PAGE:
13) One of the protesters got up to speak, saying that she’s a member of the teacher’s union, and asked why we can’t create union jobs building schools and housing instead. She wants to leave the sports complex intact because it’s “insane to break up a good thing going on.”

“Why can’t the Sixers stay in South Philly?”

Answer from Adelman:

“From our perspective, we get the benefit of going where our fans want to go. Most importantly, the Fashion District is on the verge of not existing. Our hope is we can finally do something great to resurrect that mall and get the traffic and activity back on the street. We just respectfully disagree. There’s a reason why 27 of 30 teams have relocated into the urban core of the city.”

14) There was a guy wearing a Virginia Tech longsleeve who yelled into the microphone for 30 seconds, asking why we’re spending so much money on sports instead of human issues.

15) They extended the meeting 30 minutes, from 9 p.m. To 9:30. They could have gotten more Q/A in during the first two hours if people actually asked questions instead of just rambling and raving over and over again. Too many people took the microphone to share their opinion on the project and not actually ask a question, which was ineffective. Other that that, however, the meeting was pretty straightforward. There wasn’t a ton of new information revealed, if any, but it was an open forum and it wasn’t a disaster, so I guess that’s a win.

I caught up with David Gould for a couple of quick questions after the event:

Crossing Broad: What did you make of the session?

Gould: I think we heard a lot of feedback and a lot of the feedback we heard is very consistent with what we’ve been hearing. There are people who are very excited about the project. There are people who are undecided, but have opinions about what should happen, and there are people who are opposed to the project. All the feedback we get is critical to making sure we can deliver the best possible project to Philadelphia.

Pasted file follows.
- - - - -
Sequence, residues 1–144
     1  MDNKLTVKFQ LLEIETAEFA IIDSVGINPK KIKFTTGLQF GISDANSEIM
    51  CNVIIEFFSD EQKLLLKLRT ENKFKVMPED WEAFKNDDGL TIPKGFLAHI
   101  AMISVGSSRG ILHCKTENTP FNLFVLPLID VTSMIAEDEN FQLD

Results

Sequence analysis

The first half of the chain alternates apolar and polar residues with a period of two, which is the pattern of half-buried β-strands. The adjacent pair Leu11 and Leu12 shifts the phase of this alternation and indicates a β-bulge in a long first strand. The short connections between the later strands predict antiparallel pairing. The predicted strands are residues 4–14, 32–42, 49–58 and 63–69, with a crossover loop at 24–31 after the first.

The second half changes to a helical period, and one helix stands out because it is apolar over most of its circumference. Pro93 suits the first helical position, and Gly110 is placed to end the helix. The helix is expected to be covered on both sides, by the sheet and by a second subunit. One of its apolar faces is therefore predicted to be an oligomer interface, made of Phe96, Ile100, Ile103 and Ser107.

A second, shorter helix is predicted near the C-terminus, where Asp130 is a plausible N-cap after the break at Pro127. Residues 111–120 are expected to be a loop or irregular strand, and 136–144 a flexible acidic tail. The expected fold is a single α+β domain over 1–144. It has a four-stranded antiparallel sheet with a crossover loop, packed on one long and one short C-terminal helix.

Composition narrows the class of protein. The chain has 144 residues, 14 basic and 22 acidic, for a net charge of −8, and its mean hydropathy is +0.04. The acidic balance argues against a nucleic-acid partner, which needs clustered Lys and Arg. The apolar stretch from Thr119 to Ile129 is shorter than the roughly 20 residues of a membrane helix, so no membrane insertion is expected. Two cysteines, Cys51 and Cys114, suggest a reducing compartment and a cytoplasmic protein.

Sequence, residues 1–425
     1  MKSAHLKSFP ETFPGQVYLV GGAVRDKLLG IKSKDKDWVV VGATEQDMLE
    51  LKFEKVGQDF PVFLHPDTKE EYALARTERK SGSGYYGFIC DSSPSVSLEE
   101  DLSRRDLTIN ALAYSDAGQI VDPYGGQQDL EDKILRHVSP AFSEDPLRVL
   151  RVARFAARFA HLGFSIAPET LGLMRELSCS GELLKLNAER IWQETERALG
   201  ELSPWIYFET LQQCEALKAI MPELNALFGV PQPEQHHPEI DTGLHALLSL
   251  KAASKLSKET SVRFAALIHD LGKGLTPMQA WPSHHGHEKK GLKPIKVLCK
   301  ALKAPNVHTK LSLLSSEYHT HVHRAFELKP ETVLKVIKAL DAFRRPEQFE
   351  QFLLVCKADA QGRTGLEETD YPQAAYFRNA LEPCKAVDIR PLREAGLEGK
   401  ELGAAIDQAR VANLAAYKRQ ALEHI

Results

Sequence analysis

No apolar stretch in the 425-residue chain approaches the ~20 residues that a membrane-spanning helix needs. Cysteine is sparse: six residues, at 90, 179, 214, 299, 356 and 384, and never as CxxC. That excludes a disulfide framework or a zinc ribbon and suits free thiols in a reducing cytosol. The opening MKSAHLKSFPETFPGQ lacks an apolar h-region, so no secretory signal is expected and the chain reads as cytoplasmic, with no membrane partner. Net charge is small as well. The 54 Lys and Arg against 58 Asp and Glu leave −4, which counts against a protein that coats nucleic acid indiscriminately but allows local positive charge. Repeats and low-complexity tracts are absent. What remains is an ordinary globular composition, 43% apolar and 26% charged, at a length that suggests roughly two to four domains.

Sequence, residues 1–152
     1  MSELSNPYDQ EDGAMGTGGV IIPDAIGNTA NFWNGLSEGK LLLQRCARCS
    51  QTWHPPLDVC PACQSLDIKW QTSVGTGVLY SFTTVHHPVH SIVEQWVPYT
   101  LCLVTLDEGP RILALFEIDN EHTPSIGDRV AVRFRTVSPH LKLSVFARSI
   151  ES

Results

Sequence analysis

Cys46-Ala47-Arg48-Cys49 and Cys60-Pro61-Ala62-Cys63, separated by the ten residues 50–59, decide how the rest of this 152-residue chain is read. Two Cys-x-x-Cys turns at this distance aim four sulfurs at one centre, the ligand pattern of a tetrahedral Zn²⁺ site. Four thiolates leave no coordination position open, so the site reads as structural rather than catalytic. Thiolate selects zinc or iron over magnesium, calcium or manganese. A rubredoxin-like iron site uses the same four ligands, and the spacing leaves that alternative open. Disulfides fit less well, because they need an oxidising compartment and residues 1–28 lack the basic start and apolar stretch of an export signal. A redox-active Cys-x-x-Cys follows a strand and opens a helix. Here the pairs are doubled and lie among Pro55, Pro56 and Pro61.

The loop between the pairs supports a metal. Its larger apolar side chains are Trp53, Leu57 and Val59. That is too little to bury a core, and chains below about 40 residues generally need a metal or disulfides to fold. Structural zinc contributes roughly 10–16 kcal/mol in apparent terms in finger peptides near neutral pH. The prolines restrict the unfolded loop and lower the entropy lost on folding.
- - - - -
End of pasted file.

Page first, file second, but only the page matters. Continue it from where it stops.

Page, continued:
CB: You guys expecting a little bit of commotion in the back there?

Gould: Yeah, you’ve written about the meeting I went to last year. Fortunately this was a more civil and controlled environment, which was one of our goals, to have a real dialogue. We figured there would probably be some type of disruption and we wanted to be prepared for that. Security was just doing their job. But they (protesters) weren’t bothering anybody, which is why we wanted to make sure we could bring them back in. The signs weren’t bothering anybody. We’re happy to answer all of those questions, so we’re glad it got rectified.

CB: So what’s next, similar meetings, individual community meetings? What’s the outlook for the next couple of months here?

Gould: We’re continuing the individual community meetings. We wanted to make sure there was an in-person opportunity for folks to engage. We did the virtual sessions. No immediate plans right now in terms of what the next large-scale engagement opportunity is, but we are in conversations with a lot of community stakeholders which will continue as we try to figure out what’s the best community benefits agreement we can design.